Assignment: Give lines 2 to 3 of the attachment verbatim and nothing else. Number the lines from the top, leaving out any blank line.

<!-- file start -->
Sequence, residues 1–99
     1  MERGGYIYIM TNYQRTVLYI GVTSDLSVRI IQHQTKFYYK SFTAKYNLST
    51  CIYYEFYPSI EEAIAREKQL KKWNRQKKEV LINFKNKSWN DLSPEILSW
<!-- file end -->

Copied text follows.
     1  MERGGYIYIM TNYQRTVLYI GVTSDLSVRI IQHQTKFYYK SFTAKYNLST
    51  CIYYEFYPSI EEAIAREKQL KKWNRQKKEV LINFKNKSWN DLSPEILSW